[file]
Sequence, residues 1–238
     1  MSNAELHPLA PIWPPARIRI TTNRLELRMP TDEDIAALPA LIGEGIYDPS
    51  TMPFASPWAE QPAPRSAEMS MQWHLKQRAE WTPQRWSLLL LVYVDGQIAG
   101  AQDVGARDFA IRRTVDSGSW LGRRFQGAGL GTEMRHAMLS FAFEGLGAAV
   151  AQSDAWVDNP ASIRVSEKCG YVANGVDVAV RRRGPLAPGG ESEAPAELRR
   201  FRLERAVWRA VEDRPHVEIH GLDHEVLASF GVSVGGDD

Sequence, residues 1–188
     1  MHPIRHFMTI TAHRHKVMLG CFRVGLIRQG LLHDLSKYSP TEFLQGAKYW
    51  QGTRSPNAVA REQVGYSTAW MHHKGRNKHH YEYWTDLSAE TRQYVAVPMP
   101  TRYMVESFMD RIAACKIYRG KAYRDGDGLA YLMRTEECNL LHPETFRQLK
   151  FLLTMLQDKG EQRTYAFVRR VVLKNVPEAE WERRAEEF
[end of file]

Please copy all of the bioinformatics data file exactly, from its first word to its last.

Sequence, residues 1–238
     1  MSNAELHPLA PIWPPARIRI TTNRLELRMP TDEDIAALPA LIGEGIYDPS
    51  TMPFASPWAE QPAPRSAEMS MQWHLKQRAE WTPQRWSLLL LVYVDGQIAG
   101  AQDVGARDFA IRRTVDSGSW LGRRFQGAGL GTEMRHAMLS FAFEGLGAAV
   151  AQSDAWVDNP ASIRVSEKCG YVANGVDVAV RRRGPLAPGG ESEAPAELRR
   201  FRLERAVWRA VEDRPHVEIH GLDHEVLASF GVSVGGDD

Sequence, residues 1–188
     1  MHPIRHFMTI TAHRHKVMLG CFRVGLIRQG LLHDLSKYSP TEFLQGAKYW
    51  QGTRSPNAVA REQVGYSTAW MHHKGRNKHH YEYWTDLSAE TRQYVAVPMP
   101  TRYMVESFMD RIAACKIYRG KAYRDGDGLA YLMRTEECNL LHPETFRQLK
   151  FLLTMLQDKG EQRTYAFVRR VVLKNVPEAE WERRAEEF